Cream were a British rock band formed in London in 1966. The group consisted of bassist Jack Bruce, guitarist Eric Clapton, and drummer Ginger Baker. Bruce was the primary songwriter and vocalist, although Clapton and Baker contributed to songs. Formed by members of previously successful bands, they are widely regarded as the first supergroup. Cream were highly regarded for the instrumental proficiency of each of their members.
During their brief three-year career, the band released four albums, Fresh Cream (1966), Disraeli Gears (1967), Wheels of Fire (1968), and Goodbye (1969). Beginning with Disraeli Gears, the band was joined in the studio by producer and multi-instrumentalist Felix Pappalardi, who became an important influence on the band's sound. Cream's music spanned many genres of rock music, including blues rock ("Crossroads", "Born Under a Bad Sign"), psychedelic rock ("Tales of Brave Ulysses", "White Room"), and hard rock ("Sunshine of Your Love", "SWLABR"). Throughout their career, they sold more than 15 million records worldwide. The group's third album, Wheels of Fire (1968), is the first platinum-selling double album.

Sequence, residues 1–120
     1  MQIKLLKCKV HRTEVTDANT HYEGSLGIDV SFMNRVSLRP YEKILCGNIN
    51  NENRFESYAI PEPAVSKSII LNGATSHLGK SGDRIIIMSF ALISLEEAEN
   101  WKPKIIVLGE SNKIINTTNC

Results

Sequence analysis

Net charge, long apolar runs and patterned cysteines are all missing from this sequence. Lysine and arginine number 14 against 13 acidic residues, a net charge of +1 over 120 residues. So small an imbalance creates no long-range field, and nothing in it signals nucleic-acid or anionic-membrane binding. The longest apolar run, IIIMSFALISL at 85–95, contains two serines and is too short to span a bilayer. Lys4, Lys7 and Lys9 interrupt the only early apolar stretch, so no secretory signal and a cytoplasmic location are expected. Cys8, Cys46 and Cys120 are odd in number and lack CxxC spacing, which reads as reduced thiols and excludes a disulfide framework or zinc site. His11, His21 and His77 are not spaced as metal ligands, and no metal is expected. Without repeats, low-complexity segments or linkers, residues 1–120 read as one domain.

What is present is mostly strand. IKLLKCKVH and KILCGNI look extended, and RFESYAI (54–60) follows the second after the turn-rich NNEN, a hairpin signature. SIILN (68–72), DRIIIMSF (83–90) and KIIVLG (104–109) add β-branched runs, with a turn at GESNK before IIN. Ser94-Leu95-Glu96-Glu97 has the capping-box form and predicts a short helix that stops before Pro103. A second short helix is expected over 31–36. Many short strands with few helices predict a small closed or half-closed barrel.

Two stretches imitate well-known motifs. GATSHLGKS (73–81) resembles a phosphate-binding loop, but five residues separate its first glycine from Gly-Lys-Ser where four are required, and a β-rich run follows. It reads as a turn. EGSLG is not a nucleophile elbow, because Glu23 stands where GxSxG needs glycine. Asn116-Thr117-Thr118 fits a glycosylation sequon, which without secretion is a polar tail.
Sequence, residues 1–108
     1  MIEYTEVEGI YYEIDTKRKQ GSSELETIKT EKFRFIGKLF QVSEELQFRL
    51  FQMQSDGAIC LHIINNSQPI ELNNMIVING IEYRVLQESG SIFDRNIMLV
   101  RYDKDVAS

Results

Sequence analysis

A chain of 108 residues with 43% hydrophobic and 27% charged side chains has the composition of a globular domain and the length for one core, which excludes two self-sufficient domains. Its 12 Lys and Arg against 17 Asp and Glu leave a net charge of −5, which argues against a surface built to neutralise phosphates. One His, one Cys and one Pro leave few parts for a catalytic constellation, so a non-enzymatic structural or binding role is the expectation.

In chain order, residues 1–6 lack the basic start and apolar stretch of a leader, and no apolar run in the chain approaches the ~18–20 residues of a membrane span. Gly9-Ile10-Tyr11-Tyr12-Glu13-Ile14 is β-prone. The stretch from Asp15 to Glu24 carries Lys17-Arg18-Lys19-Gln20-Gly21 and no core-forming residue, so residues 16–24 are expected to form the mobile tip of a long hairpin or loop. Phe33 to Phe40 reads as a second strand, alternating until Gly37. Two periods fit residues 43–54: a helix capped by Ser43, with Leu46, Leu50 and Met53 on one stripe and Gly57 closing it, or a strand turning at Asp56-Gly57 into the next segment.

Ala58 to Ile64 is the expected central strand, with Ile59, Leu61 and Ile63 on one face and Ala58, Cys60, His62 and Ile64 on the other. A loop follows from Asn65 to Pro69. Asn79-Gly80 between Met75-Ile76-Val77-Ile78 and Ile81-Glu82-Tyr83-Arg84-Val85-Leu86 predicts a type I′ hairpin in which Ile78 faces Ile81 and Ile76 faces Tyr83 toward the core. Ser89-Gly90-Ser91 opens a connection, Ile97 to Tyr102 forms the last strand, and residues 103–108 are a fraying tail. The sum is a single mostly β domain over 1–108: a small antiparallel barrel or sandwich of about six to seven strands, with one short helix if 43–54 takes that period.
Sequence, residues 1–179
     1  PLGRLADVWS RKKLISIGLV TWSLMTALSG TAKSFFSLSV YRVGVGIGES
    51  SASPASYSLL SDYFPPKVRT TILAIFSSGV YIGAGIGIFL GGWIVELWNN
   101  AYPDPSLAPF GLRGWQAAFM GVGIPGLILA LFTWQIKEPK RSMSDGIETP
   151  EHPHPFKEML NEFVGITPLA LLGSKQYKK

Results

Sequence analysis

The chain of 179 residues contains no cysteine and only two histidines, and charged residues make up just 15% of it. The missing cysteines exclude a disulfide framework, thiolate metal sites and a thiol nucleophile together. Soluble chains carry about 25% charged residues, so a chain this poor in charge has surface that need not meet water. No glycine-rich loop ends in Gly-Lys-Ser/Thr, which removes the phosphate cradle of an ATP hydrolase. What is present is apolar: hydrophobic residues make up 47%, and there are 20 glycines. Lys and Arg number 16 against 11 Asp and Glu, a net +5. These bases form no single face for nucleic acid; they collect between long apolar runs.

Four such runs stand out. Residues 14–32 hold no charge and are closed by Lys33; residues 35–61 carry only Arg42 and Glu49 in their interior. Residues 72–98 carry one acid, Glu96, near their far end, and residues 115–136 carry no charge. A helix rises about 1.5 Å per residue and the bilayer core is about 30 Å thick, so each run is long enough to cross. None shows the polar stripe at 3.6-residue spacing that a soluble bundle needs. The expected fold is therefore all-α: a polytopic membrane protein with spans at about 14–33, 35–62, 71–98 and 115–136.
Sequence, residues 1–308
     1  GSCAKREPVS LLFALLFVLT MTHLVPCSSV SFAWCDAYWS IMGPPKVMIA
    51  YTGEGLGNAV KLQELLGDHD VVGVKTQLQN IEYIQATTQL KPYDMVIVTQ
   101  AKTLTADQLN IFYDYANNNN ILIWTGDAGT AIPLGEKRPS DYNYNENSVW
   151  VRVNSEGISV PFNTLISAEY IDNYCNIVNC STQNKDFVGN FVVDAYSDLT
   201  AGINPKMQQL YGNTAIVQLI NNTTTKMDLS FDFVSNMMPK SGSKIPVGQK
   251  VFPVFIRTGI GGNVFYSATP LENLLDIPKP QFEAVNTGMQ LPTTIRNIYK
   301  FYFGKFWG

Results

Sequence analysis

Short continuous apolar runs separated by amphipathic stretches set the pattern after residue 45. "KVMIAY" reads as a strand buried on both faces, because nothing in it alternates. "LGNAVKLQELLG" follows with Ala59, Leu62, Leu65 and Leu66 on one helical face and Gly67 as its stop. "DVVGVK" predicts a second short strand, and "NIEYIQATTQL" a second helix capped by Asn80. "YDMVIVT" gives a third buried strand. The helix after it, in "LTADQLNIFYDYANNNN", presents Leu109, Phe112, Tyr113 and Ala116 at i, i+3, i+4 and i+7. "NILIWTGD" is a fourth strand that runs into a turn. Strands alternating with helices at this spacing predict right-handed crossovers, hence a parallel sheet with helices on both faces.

Tensions between Bruce and Baker led to their decision in May 1968 to break up, though the band were persuaded to make a final album, Goodbye, and to tour, culminating in two final farewell concerts at the Royal Albert Hall on 25 and 26 November 1968 which were filmed and shown in theatres, then in 1977 released as a home video, Farewell Concert.
In 1993, Cream were inducted into the Rock and Roll Hall of Fame. They were included in both Rolling Stone and VH1's lists of the "100 Greatest Artists of All Time", at number 67 and 61 respectively. They were also ranked number 16 on VH1's "100 Greatest Artists of Hard Rock".